Ms. Rashidi says, “Some days, I did not have my transportation fare to go for training. Sometimes, if I were given some money to buy an egg to eat, I saved the money to pay for my transportation.”

“I became a champion for nine terms, but I did not receive any prize for these victories,” she added. (The state-run ISNA news agency – December 26, 2016)

Rock climber Elnaz Rekabi won the gold medal of women’s Asian Bold Ring Cup. (The state-run ISCAnews.ir – October 29, 2017)

In a short interview, she also complained about the difficulties of training without any government backing while being alone in her field. She said, “In Iran, I am very lonely. No one is ahead of me and they do not let me practice with boys.”

Elnaz Rekabi also spoke on the problems created by the requirement of wearing the compulsory veil. “It is very hard with the veil especially when the weather is hot. I tried to find some proper outfit for this sport to observe the dress code, as well, but I had to do it on my own.” (Interview with Euronews – Aparat.com– April 25, 2016)

Talented athletes drain

Horrible conditions for female athletes has led many to leave the country.5

Dorsa Derakhshani who had been banned from the Iranian national chess team for attending the February 2017 international competition in Gibraltar without wearing the mandatory veil, has joined the U.S. team.

Dorsa Derakhshani was awarded the titles Woman Grandmaster and International Master at the age of 18 by the World Chess Federation in 2016. She had taken part in several international competitions without covering her hair.

Dorsa moved to Spain in 2015 after she received an invitation by a chess club that also supported her studies. (The state-run ISNA news agency – October 2, 2017)

Faezeh Kazemi, Handball player from Qazvin Province, joined the Metropolitan team in Turkey in late November.

Ban on women’s presence in sports stadiums

Iranian women were refused entry to the World Cup football match that took place on September 5, 2017, at Tehran’s Azadi Stadium between the national teams of Syria and Iran.6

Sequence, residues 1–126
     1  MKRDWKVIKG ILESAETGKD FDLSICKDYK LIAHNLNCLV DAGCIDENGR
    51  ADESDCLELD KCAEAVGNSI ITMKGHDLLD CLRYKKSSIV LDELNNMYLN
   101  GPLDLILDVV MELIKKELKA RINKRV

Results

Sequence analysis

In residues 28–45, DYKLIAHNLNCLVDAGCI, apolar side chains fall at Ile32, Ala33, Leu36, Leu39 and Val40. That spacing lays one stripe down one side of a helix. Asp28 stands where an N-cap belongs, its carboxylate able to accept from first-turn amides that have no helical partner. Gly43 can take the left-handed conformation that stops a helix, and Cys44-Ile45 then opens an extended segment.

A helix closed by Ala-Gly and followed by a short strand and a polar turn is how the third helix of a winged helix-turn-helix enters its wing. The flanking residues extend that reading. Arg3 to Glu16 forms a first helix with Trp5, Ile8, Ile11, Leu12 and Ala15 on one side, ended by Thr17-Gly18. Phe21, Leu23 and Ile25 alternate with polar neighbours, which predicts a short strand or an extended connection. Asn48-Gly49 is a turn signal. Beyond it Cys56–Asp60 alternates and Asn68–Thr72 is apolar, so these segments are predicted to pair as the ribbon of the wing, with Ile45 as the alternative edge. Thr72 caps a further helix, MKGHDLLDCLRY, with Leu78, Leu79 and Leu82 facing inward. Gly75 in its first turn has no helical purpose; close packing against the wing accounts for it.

The Guardian wrote, “Syrian women are allowed into stadium but Iranian women are kept out, despite initially being allowed to buy tickets… A group of women who went to Tehran’s gigantic Azadi stadium were told they could not enter. When they started demonstrating they were threatened with arrest.”

The State Security forces expelled three young women who were attempting to enter Azadi Stadium to watch the football match between the two most prominent Iranian football teams.

The incident took place on October 26, 2017, when Persepolis and Esteghlal teams were scheduled to face off. The female fans had donned men’s clothes in a bid to enter the stadium. (The state-run Rokna.ir– October 26, 2017)

Shahindokht Molaverdi, Rouhani’s Deputy for Citizen’s Rights Affairs, had recently admitted that the conditions are not yet prepared for women’s presence in football stadiums. (The state-run Entekhab website – October 25, 2017)

The Iranian regime’s ban on entry of women to stadiums was also noted by the UN Special Rapporteur on human rights on Iran. In Article 92 of her report, she wrote:

Women continue to be banned from watching sporting events in stadiums, and several female athletes have been restricted from participation in international tournaments either by State sporting agencies or by their husbands.

She also noted in her report that in March, a number of Iranian female billiard players were banned from competitions, allegedly for “violating the Islamic code of conduct.”

In April, female participants in an international marathon held in Tehran were required to run separately from men and on a shortened route.”

Khamenei and religious scholars weigh in

Religious scholars also underlined the prohibition of women’s entry to sports stadiums.

“The issue was tabled by the previous government but the Supreme Leader and other religious authorities opposed it,” stated Mullah Makarem Shirazi and added, “It is a deviation to bring up this issue, again.” (The state-run ISNA news agency – November 29, 2017)

Mullah Nouri Hamedani also tried to justify the ban by saying, “It is not permissible for men and women to be present in the same sports event because women cannot properly hold their veil.” (The state-run Razavi news agency – November 29, 2017)

The mullahs’ supreme leader Ali Khamenei also underlined the ban on women’s bicycling in public. Under the pretext of responding to religious questions, he reiterated, “Women’s bicycling in public areas and in places that could be seen by strange men is not allowed.” (The state-run ILNA news agency – November 26, 2017)7

The above facts which are a handful from a ton, show the numerous obstacles created by Iran’s ruling regime to exclude women from the sports arena. They also help one realize that Iran’s women are not only talented but really hard working and motivated to show their competence at every opportunity despite lack of any form of government support.